Mayda Insula

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Radar image of Mayda Insula (just right and below center) in Kraken Mare

Mayda Insula is an island in the Kraken Mare, a body of liquid composed primarily of methane, on Saturn's largest moon Titan. Mayda Insula is the first island (insula) to be named on a planet or moon other than Earth.

Discovery and naming[edit]

Mayda Insula was discovered by the Cassini–Huygens mission to Saturn. Its name was approved by the International Astronomical Union Working Group for Planetary System Nomenclature on April 11, 2008,[1] becoming the first named island on a planetary body other than earth, and the largest.[2] NASA notes, however, that the possibility Mayda Insula is actually peninsular (i.e., connected to the mainland by a strip of land) cannot be conclusively ruled out.[3] All of the insulae on Titan have been named for legendary islands and "Mayda Insula" was derived from the legendary island Mayda which was thought to exist in the northeastern Atlantic Ocean.[2] Its name was approved the same day as the names of Kraken Mare and Ligeia Mare.[1]

Characteristics[edit]

Mayda Insula lies in the northern end of the Kraken Mare near Titan's north pole.[4] The island has a northernmost latitude of 80.3 degrees north and a southernmost latitude of 77.4 degrees north; it has a westernmost longitude of approximately 321.2 degrees west and an easternmost longitude of 302.7 degrees west.[5] The island is 168 kilometres (104 mi) wide at its widest point.[5] Its dimensions are approximately 90 by 150 kilometres (56 by 93 mi), about the same size as the Big Island of Hawaii.[3]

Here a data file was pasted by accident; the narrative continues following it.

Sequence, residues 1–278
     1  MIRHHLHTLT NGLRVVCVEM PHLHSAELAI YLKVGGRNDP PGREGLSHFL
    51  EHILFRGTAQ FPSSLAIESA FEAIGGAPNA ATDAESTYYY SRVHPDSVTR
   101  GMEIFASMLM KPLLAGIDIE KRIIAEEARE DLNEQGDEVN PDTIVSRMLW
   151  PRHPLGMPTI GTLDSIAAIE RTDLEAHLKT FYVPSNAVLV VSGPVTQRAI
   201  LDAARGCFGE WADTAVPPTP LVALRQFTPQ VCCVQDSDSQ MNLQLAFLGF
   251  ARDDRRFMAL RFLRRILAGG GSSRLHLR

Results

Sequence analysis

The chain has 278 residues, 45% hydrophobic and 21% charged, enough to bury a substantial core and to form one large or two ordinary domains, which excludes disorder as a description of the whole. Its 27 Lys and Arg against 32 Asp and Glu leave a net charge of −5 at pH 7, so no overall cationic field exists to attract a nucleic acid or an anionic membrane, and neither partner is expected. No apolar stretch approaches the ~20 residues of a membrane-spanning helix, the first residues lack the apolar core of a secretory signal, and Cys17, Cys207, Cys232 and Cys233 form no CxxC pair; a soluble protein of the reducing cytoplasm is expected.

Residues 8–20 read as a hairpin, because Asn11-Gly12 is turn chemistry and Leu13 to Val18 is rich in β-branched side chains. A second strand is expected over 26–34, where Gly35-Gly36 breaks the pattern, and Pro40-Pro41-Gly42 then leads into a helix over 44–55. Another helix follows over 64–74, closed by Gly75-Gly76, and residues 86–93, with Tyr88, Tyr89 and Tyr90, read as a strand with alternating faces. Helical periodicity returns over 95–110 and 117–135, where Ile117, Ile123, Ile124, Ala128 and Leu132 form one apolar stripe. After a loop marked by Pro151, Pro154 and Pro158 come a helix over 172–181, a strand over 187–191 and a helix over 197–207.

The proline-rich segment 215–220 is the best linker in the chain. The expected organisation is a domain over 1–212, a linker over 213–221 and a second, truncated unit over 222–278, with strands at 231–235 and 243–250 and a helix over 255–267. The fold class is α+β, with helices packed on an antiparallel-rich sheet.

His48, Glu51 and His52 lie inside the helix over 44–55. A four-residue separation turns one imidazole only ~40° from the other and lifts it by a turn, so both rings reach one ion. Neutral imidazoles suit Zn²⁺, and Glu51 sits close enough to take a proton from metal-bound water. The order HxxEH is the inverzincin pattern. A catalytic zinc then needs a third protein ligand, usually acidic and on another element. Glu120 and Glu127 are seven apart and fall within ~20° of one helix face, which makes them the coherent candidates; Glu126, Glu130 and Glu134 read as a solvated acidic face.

The highest point of the interior of Mayda Insula is approximately 1,200 metres (3,900 ft) above its shoreline.[6] Slopes are relatively mild at approximately 1.5 degrees on average, though they can approach 5 degrees in some locations.[6] Radar images of Titan's surface show that Mayda Insula's coasts display evidence of being changed by fluvial and lacustrine processes.[7] Analyses of these fluvial features suggested that approximately 2 km3 of material has been eroded from Mayda Insula and deposited elsewhere in the Kraken Mare basin.[7]

In popular culture[edit]

Mayda Insula features in Michael Carroll's novel On the Shores of Titan's Farthest Sea: A Scientific Novel. The 39th chapter of the book is titled "The Hunchback of Mayda Insula".[8]

See also[edit]

References[edit]

  1. ^ a b "Titan Mare and Insula Names". Astrogeology Science Center. USGS. April 11, 2008. Retrieved June 28, 2017. 
  2. ^ a b "Nomenclature Search Results, Feature Type: Insula, insulae". Gazetteer of Planetary Nomenclature. International Astronomical Union (IAU) Working Group for Planetary System Nomenclature (WGPSN). Retrieved June 28, 2017. 
  3. ^ a b "PIA09180: Titan: Larger and Larger Lakes". Photojournal. NASA/JPL-Caltech. February 27, 2007. Retrieved June 28, 2017. 
  4. ^ Jaumann, R.; Kirk, R. L.; Lorenz, R. D.; Lopes, R. M. C.; Stofan, E.; Turtle, E. P.; Keller, H. U.; Wood, C. A.; Sotin, C.; Soderblom, L. A.; Tomasko, M. (2009). "Geology and Surface Processes on Titan". In Brown, R.; Lebreton, J. P.; Waite, J. Titan from Cassini–Huygens. Dordrecht, Netherlands: Springer. pp. 75–140. ISBN 1402092156. 
  5. ^ a b "Mayda Insula". Gazetteer of Planetary Nomenclature. International Astronomical Union (IAU) Working Group for Planetary System Nomenclature (WGPSN). April 11, 2008. Retrieved June 28, 2017. 
  6. ^ a b Kirk, R. L.; Howington-Kraus, E. (2008). "Radargrammetry on three planets" (PDF). The International Archives of the Photogrammetry, Remote Sensing and Spatial Information Sciences. 37 (B4): 973–980. 
  7. ^ a b Aharonson, O; Hayes, A. G.; Hayne, P. O.; Lopes, R. M.; Lucas, A.; Perron, J. T. (2014). "Titan's surface geology". In Müller-Wodarg, I.; Griffith, C. A.; Lellouch, E.; Cravens, T. E. Titan: Interior, Surface, Atmosphere, and Space Environment. Cambridge Planetary Science. 14. New York, NY: Cambridge University Press. pp. 63–101. ISBN 1139618962. 
  8. ^ Carroll, Michael (2015). On the Shores of Titan's Farthest Sea: A Scientific Novel. Heidelberg, Germany: Springer. ISBN 3319177591.